Subject to Covid-19 restrictions, there will also be some socially distanced Santa’s grottos operating around the country. As most parents know, these are very popular events and many have already sold out, but you can still book tickets at venues such as London’s Ally Pally (opens in new tab) and Greenwich Market (opens in new tab); at Manchester’s Trafford Centre (opens in new tab) and York’s Chocolate Story (opens in new tab); at Alton Towers (opens in new tab) and at various Dobbies Garden Centres (opens in new tab) around the country.

Witness an online Christmas window reveal

If you can’t make it into the city centre this year, but love an unveiling, Fenwick in Newcastle pffered a virtual Christmas window reveal of its much-loved wintry window display – all 38 metres of it. Head to the Fenwick Facebook page (opens in new tab) to watch the wonder unfold.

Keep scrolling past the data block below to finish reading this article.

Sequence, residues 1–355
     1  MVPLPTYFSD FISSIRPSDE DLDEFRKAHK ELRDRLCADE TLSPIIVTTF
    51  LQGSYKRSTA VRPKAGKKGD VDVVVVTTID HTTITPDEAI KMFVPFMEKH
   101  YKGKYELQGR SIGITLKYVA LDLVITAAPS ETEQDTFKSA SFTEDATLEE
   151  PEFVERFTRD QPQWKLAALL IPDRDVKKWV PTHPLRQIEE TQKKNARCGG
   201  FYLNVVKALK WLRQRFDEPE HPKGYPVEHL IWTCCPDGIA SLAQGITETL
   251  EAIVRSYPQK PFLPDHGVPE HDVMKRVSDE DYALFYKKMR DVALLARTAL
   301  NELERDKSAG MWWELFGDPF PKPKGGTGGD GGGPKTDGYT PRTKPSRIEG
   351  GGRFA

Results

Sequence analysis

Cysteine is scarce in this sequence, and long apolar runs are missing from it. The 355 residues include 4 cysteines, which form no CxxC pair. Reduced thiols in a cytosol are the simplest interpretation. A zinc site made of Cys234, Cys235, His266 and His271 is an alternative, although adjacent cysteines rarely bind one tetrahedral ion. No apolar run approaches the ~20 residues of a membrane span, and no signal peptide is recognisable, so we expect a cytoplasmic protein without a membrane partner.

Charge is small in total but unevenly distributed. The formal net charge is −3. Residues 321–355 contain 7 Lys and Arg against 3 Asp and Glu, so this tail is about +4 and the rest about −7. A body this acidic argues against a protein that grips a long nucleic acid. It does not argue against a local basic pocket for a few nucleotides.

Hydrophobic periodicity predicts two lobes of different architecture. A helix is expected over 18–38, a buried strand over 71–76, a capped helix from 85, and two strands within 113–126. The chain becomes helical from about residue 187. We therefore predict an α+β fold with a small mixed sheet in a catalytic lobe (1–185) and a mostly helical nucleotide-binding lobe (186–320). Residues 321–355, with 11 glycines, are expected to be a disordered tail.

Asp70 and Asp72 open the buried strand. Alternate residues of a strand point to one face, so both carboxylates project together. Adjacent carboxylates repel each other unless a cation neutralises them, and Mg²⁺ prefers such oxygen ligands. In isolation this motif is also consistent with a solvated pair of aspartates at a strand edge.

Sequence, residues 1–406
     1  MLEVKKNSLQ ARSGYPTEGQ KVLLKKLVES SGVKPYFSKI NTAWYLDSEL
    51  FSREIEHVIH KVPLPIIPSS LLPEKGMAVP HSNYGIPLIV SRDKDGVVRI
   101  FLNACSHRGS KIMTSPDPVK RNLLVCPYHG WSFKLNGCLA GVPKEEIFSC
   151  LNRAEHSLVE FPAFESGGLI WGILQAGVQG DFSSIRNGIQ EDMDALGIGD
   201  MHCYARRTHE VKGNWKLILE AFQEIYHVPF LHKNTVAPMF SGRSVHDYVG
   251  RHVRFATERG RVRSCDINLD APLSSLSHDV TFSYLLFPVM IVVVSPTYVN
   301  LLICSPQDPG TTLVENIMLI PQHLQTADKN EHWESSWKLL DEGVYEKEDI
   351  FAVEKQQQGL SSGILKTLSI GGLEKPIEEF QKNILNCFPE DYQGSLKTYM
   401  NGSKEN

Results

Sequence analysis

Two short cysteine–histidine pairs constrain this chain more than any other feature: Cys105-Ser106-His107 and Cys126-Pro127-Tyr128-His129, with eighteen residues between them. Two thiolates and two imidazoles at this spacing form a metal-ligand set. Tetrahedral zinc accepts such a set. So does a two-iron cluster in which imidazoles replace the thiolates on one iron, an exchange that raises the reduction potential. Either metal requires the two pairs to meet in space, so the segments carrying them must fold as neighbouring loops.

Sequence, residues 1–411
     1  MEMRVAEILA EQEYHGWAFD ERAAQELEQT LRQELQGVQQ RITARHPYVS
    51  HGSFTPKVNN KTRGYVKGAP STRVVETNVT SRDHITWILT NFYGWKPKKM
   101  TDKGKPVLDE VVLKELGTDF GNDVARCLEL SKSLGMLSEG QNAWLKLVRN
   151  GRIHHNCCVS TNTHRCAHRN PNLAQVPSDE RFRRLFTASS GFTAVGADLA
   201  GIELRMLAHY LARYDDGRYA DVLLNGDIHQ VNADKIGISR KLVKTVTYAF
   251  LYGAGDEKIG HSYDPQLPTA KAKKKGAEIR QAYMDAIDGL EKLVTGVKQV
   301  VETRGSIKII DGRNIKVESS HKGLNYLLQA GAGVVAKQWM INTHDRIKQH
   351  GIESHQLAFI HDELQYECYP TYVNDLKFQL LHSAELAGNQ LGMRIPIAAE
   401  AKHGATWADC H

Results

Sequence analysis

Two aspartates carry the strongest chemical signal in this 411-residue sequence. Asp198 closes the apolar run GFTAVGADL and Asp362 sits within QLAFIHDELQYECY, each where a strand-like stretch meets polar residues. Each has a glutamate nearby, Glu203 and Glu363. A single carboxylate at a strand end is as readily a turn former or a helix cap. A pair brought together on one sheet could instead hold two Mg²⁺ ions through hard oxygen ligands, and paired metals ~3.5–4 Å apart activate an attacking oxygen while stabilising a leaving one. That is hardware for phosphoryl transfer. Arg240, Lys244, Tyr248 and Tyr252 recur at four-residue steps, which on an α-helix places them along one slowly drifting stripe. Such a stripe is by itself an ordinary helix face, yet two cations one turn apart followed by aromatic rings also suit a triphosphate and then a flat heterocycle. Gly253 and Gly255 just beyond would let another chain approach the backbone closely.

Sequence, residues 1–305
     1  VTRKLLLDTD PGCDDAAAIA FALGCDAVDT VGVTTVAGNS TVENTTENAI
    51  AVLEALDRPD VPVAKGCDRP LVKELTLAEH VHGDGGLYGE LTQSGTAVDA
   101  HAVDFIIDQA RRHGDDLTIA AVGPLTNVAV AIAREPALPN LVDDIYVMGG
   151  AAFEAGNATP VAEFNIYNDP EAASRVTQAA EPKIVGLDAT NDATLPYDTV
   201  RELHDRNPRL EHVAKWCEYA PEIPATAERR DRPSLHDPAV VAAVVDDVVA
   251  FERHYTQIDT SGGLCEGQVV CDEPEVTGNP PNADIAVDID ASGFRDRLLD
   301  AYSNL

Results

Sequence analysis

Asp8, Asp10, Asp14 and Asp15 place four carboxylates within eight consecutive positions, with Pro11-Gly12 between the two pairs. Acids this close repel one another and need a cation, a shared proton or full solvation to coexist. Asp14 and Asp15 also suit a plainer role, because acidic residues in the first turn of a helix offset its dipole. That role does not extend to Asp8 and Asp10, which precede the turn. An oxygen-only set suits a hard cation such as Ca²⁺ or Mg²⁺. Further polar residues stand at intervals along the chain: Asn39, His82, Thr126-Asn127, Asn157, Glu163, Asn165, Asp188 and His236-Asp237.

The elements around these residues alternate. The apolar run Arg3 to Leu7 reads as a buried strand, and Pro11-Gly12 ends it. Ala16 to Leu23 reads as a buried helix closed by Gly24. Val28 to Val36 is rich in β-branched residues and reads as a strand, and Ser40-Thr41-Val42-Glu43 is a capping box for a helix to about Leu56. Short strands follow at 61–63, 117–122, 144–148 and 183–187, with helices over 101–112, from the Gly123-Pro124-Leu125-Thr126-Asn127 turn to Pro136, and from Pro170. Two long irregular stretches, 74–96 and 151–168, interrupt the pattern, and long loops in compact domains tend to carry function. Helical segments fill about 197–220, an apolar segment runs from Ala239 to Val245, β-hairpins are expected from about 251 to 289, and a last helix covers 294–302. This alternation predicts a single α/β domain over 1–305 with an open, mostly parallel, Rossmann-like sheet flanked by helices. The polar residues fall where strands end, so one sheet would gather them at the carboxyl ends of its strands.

Trade Christmas treats

Have your own personal bake-off at home with your family this Christmas. Make festive treats and then do a swap. That way you get to try different batches of homemade treats and get to give some of your creations away. We've got some great recipes for glitzy Christmas cookies (opens in new tab)Oreo Christmas pudding pops (opens in new tab) (pictured above), cornflake wreaths (opens in new tab) and gingerbread tree decorations (opens in new tab) that are sure to secure you a festive win.

Book virtual gift advice